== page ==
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AMDA Emergency Response #19 – West Japan Torrential Rain

Publication date:2018-07-27
 
As of 26 July 2018, while the acupuncture treatment has been up and running in Okada Elementary School (Mabicho), AMDA newly launched the same service in Sunwork Soja (Soja City) as well. It was initiated in response to the growing needs in the shelter where people have been exhausted from the prolonged evacuation life. A lot of people made a reservation for the acupuncture treatment since day one. Now that approximately 20 days have passed since the disaster struck, it is hoped that the acupuncture service in two locations further enhance the assistance on the ground.

In Mabi Community House Sono Branch, one nurse from AMDA has been working around the clock to take care of the elderly people who were evacuated from the nearby nursing home.

In addition to the above three locations, AMDA has dispatched its medical personnel to Mabi Kinen-Byoin Hospital where they are seeing patients in a mobile medical vehicle.

Being part of *AMDA’s Platform for the Great Nankai Trough Disaster, municipalities and organizations such as Kuroshiocho Town in Kochi Prefecture, Kaiyocho Town in Tokushima Prefecture, Seto Kenshin Clinic (Kagawa), and Sakura Clinic (Tokushima Prefecture) have been rendering support.

(*AMDA’s Platform for the Great Nankai Trough Disaster is a disaster-response platform in preparation for the expected Nankai Trough Disaster which is said to hit Japan in the near future.)

On the 24th, two student volunteers from Okayama Prefectural University joined AMDA’s activities. One staff who was sent via Kaiyocho City Office in Tokushima Prefecture said, “In our city, we have had the countermeasures for earthquakes and tsunami, but not floods. After seeing this, I was convinced that my city needs to be well prepared for this kind of disaster as well. It was also a rare opportunity to talk to the disaster victims in person.”

A graduate school student who took part in the relief gave more than a passing thought to what he saw. “It was my first time to visit the evacuation shelter set within the elementary school. The scenery I watched on TV was spreading before my eyes. As a volunteer, I helped with the footbath service. And through the conversations I had with the victims, it made me understand deeply what they had been going through,” he said.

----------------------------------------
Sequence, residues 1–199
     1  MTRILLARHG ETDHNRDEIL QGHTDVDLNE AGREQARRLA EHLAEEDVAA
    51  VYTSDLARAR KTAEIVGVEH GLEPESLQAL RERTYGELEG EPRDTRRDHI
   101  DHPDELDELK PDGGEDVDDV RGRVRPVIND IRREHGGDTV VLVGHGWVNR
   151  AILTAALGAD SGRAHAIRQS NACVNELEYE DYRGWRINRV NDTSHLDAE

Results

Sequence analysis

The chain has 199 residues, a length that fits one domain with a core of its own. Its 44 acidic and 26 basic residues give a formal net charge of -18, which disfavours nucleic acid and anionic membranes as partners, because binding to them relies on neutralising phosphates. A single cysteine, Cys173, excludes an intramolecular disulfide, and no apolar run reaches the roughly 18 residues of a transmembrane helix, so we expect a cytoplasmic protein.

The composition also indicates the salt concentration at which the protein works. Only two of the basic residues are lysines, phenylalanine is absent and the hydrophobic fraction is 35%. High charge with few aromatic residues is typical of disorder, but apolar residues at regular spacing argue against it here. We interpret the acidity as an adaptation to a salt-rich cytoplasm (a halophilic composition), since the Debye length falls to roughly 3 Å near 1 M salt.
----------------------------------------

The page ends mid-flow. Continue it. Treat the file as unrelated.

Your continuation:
Activity report (25 July 2018):

-Acupuncture and footbath (Okada Elementary School):

It has been two weeks since AMDA’s acupuncturists started offering treatment at Okada Elementary School. Now, the acupuncture service has been playing an important role in maintaining the well-being of the people in the area. Those who have been receiving the treatment said their physical condition has certainly improved. The visitors to the acupuncture service have been increasing by word of mouth in which 21 people came to receive the treatment that day (seven people were first-timers). Acupuncture has proved its effect as the treatment helped relieve constipation, one of the major symptoms among the evacuees (mainly due to the lack of vegetable intake). Meanwhile, seven people used the footbath that day.

-Health-related assistance (Sunwork Soja):

As of 25 July, 38 people from 18 households have been seeking shelter in Sunwork Soja. One health worker and one coordinator from AMDA have been continuously working there to provide medical and health-related assistance. On the 25th alone, the team went around the shelter and saw about 10 people to check if they were doing okay. As usual, the regular physical exercises have been held every day to keep them away from getting inactive. In addition, they cleaned the part of the shelter which were left unnoticed. The team also gave a sanitation guidance, because maintaining the sanitary condition in the shelter takes priority in the prolonged evacuation life.

In accordance with the start of the acupuncture service on the following day, the team of therapists held a briefing prior to the launch, and started taking reservations for the morning session on the first day (10am – 12 noon).
 
    •  Emergency Relief
    •  GPSP Medical Mission (Promotion of Health)
    •  Japan
    •  2018
    •  ER & Reconstruction
    •  GPSP

 
 
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